“It was an inclusive institution where socialists, leftists, Islamists and other academics gathered under one umbrella,” he moaned. The way how the university fell victim to political revenge, he reckoned, only mortified his anguish and dashed his remaining hopes about academic freedom in Turkey.

Turkey’s current political system, the professor contended, has been irrevocably corrupted by the unprincipled partisan politics that found its expression in alliances between parliamentary parties. As to a question of whether his party would seek an electoral alliance, he simply rebuffed the idea as essentially corrupting.

Alliances, the professor asserted with conviction, distort the character of political parties in this presidential system. “Look at the AK Party. It looks like more MHP today.”

Davutoglu and Turkey Purge

There is a far deeper issue that belittles the former prime minister’s claim of moral high ground about his past record and current deeds. The professor, who occasionally rose to the occasion for raising the wide-ranging woes that have afflicted hundreds of thousands of lives shattered by the terror of post-coup purge, has in essence no different view or policy discourse than the government’s when it comes to the main target group of the repression. He has no qualm over embracing the default position of the government by free-floating of the “FETO” narrative. (The faith-based Gulen movement has been designated as an outlawed terror outfit by Turkish authorities.)

This blanket deployment of the term without offering a caveat or contextual differentiation only deprives the professor of any moral legitimacy about his lofty claim of restoring justice back to Turkey once he becomes a ruler again. The “FETO,” measured by how it was deployed by the government, only serves to make anyone a prisoner of a concept whose semantic and legal boundaries are as vague and far-reaching as the ever-shifting whims of the government. By parroting the government’s talking point, Davutoglu justifies, endorses and further enables a discourse (as well as a practice) that serves as the legal and political ground to discredit, vilify, terrorize, and even litigate anyone who dares to cross lines drawn by the government about a matter, or any matter, that entails vital importance in the domestic realm.

And Davutoglu naively errs in thinking that the adoption of that rhetoric would secure him from potential prosecution by endearing him to the authorities or demarcate the political borders where he stands. Absurd though it may seem, the “FETO” charge was ridiculously deployed against anyone without discrimination, even against Gulen’s universal foes who built their entire careers against the U.S.-based clerk’s organization and thoughts. In this political context of sanctified absurdity, the realm of the reasoned debate has never been rendered that narrow. This is also true for Davutoglu.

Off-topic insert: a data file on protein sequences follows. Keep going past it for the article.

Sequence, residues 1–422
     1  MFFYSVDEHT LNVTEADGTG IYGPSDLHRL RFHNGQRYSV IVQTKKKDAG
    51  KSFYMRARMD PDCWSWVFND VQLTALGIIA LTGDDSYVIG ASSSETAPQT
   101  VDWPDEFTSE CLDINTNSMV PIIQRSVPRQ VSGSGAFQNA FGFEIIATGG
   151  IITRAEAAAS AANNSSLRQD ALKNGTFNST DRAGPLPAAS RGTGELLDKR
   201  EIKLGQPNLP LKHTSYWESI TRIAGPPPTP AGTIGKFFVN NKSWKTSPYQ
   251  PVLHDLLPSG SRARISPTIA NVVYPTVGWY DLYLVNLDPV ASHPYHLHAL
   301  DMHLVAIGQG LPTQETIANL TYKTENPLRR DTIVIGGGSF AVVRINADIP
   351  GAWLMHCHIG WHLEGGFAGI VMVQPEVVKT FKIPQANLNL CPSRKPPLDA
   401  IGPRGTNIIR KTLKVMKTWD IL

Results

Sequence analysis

For someone who is fixated with inventing an ingenuine body of concepts to identify world problems as well as social affairs of his country, the blind admission of a political discourse tailored to conceal the regime’s fascist character is no small blunder. It is this indiscriminate “FETO” charge pointed against any government discontent that throttles the country’s democracy, and the very idea of the politics. The professor, if he ever intends to stand up to the task of saving the country, should reject this imposition not just for the sake of a reasonable argument about any matter of national importance, but also for the sake of politics itself.

Without ifs and buts, espousing political awareness for the predicament of KHK people (purge victims) is a must for any aspiring politician to bounce the country back from a headlong plunge into a costly moral abyss. The social cost of the purge terror has already left a moral stain on the public conscience. Before wasting further time on grand narratives and macro intellectual terms such as civilization, weltanschauung, and paradigms, what Davutoglu should do is crystal clear: to wage a battle for the lost building blocks of Turkey’s social fabric and legal setting — humanism, compassion, and justice, not just for himself but for every citizen wronged by authorities over the course of recent years.

Written by

Virginia-based journalist and writer. Politics, culture, art, and technology. American political affairs, Turkey, the MidEast, and beyond. Twitter: @abyasun